The 15 Cook Islands are scattered across some 750,000 square miles of the Pacific, and we plan to visit the most remote of these, in the very far north of the archipelago. These were the first islands in the group to be sighted by Europeans around 1600, but they were not properly explored until their namesake Captain Cook arrived in the 1770’s. The northern islands are low coral atolls with vast turquoise lagoons where black pearls are farmed. Explore the islands both ashore and at sea, visiting island communities and discovering the vibrant life below the waves.
A day at sea brings us to the Southern Line Islands, some of the most remote and isolated atolls on Earth; uninhabited and rarely visited, they remain largely untouched by man. Marine ecologist and National Geographic Explorer-in-Residence Enric Sala researched these islands as part of the Pristine Seas project, and has identified them as one of the last healthy, undisturbed places in the ocean. We’ll experience this rich marine environment firsthand while snorkeling or diving, and explore the deep with our remotely operated vehicle. Go ashore on Caroline Island, renamed Millennium Atoll after becoming one of the first places to see the sun of the new millennium rise. Navigate the intricate channels of its lagoon by Zodiac or kayak, seeing nesting boobies and tropicbirds on the shore, and swim above fields of giant clams. Gain a day crossing the international date line.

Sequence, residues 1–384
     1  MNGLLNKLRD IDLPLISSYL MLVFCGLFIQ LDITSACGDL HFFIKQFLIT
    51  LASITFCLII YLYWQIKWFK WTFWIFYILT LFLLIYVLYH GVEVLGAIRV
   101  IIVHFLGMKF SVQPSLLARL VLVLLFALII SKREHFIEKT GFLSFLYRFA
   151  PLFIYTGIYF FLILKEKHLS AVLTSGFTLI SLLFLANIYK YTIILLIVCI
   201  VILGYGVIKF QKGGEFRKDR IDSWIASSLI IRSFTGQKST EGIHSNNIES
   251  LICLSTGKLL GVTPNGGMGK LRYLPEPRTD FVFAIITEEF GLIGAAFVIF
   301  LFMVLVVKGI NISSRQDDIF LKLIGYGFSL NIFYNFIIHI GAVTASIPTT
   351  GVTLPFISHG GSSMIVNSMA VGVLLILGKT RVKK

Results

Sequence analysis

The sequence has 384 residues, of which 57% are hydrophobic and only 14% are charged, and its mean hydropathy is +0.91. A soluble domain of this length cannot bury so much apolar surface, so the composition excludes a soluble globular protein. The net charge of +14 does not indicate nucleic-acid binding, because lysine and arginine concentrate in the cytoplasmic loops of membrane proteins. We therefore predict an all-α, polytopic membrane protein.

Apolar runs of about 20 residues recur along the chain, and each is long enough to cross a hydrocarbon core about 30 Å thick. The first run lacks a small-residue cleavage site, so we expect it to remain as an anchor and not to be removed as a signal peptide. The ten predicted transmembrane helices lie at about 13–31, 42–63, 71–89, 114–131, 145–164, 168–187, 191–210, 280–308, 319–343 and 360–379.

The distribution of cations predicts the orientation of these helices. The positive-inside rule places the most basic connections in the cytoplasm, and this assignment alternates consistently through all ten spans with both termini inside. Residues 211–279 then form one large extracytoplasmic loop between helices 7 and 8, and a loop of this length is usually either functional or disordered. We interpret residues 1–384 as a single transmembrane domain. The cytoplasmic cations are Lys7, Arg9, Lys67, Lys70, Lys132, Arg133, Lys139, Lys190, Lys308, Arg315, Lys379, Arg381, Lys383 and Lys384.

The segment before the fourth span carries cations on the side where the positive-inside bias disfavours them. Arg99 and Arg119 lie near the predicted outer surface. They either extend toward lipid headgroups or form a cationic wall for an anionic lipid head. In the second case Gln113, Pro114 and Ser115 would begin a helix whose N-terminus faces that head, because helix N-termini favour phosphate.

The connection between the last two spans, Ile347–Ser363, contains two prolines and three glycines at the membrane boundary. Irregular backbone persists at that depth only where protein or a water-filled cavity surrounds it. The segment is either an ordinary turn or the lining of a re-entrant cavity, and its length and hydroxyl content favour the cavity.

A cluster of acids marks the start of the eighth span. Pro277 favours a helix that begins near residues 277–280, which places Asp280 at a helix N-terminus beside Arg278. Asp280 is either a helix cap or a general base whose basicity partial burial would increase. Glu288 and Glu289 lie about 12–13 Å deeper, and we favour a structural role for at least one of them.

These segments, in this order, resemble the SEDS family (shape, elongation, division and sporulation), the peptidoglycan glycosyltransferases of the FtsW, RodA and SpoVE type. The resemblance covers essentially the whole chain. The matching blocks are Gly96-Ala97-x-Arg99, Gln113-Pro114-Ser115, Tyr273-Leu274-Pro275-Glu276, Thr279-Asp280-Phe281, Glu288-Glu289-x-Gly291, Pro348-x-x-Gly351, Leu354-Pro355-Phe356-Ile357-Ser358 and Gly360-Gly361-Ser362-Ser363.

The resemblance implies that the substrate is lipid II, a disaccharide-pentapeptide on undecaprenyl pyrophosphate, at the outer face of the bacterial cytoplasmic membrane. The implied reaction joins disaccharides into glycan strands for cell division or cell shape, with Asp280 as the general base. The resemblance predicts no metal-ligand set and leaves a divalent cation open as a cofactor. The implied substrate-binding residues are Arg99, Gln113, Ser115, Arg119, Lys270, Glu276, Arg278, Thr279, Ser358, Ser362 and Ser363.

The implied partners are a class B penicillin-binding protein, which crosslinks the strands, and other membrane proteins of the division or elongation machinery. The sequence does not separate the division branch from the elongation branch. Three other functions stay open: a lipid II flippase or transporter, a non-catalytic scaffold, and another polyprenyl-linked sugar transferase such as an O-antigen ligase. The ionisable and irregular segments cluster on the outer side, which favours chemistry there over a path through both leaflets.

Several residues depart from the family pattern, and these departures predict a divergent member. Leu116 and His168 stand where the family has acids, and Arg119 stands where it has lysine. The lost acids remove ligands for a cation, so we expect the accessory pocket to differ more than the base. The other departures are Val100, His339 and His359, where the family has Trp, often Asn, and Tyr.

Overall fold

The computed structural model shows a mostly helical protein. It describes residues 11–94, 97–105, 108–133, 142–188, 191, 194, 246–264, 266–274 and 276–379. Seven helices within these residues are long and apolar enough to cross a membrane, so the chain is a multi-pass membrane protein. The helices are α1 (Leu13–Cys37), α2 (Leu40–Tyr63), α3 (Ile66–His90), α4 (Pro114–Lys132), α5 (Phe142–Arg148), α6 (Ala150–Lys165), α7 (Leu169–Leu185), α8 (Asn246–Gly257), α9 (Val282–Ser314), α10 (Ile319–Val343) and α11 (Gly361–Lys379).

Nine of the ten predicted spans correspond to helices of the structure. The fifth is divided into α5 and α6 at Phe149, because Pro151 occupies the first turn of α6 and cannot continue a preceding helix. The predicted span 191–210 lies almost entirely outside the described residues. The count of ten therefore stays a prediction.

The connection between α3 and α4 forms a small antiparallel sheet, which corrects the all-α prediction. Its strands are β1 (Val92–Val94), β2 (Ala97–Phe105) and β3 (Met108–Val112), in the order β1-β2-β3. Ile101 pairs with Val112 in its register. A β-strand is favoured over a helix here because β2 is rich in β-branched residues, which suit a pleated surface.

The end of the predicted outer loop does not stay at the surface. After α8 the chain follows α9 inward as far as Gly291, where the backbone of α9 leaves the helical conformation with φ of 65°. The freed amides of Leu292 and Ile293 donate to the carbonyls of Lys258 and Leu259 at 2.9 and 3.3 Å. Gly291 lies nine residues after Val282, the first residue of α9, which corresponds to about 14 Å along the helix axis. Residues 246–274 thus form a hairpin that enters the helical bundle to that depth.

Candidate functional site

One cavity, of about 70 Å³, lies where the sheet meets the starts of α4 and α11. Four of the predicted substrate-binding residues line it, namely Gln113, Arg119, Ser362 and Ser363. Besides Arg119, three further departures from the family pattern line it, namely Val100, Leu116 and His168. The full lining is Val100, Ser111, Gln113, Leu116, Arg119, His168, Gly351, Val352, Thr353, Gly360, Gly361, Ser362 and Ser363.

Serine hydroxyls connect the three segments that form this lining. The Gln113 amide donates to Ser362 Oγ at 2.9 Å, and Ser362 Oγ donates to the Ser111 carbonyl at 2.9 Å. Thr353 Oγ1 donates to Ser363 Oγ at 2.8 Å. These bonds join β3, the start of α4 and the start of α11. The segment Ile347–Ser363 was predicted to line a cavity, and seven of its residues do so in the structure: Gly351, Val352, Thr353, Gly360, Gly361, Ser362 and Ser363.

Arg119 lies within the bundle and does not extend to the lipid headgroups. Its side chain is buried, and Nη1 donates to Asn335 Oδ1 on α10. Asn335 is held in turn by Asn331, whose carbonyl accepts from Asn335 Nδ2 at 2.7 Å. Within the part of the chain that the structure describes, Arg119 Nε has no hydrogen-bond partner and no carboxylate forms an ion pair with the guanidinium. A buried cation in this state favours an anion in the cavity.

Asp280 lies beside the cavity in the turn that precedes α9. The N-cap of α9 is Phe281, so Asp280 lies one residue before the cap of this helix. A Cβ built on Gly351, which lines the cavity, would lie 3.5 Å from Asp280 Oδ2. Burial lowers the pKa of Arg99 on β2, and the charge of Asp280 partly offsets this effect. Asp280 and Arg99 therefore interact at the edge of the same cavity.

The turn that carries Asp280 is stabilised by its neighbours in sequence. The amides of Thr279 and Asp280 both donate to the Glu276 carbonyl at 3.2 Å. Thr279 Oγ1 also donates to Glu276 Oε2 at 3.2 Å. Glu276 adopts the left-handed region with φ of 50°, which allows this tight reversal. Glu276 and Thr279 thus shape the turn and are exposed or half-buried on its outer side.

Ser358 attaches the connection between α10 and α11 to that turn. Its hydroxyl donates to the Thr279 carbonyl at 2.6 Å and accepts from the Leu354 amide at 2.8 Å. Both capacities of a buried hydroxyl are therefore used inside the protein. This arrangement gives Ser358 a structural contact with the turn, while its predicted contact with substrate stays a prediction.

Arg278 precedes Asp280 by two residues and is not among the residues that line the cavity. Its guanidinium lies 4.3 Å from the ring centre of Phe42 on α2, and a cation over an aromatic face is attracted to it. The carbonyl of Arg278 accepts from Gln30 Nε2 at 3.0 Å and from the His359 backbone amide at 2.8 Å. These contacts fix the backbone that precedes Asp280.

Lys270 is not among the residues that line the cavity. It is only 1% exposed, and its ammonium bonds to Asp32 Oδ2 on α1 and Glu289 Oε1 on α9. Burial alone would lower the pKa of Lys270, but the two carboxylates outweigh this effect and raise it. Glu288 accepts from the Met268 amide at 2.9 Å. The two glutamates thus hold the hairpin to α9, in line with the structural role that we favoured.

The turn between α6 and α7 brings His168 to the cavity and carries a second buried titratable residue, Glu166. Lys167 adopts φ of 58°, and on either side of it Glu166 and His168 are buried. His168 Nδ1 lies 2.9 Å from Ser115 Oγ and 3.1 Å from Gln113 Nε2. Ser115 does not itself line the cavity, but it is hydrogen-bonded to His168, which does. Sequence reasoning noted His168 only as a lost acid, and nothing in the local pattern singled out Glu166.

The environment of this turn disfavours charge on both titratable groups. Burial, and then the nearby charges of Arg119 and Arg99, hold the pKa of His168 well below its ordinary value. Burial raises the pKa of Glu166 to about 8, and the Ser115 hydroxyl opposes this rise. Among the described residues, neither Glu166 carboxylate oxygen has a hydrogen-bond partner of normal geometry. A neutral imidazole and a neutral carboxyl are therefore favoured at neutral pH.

The atoll of Rangiroa is a ring of slender islands known for some of the best diving and snorkeling in French Polynesia. The turquoise lagoon at its center is the second-largest in the world. Our ship passes between the islets to anchor inside the lagoon near the village of Tiputa, where local musicians greet us. Visit the village, and kayak, snorkel, and scuba in the rich waters here, home to large schools of pelagic fish, manta rays, dolphins, sea turtles, and hammerheads.
Approach the emerald crags of Tahiti’s volcanic peak this morning and disembark in French Polynesia’s capital city, Papeete. Check into day rooms and enjoy the day to explore the city’s museums, markets, and black pearl shops, or venture out to the surrounding beaches. Later this evening, transfer to the airport for your flight home, arriving the following day. Day 19: B,L)
National Geographic photographer and marine biologist Flip Nicklin is one of the world's leading photographers of whales. His majestic photos and amazing audio tracks of humpbacks and killer whales have appeared in numerous National Geographic publications and television specials. The North American Nature Photography Association has named him Outstanding Nature Photographer of the Year. Flip migrates with the humpbacks, spending summers in the Pacific Northwest and the Gulf of Alaska and winters off Maui, Hawaii.
Flip will join the following departure:
Nov 16 - Dec 05, 2014
This trip is offered in association with Lindblad Expeditions.
Prices are per person, double occupancy. For a single cabin, add $9,500 in Category 1, and $12,990 in Category 3. Airfare is not included in the expedition cost. Economy airfare from Los Angeles to Fiji and return from Tahiti is $2,940 (subject to change).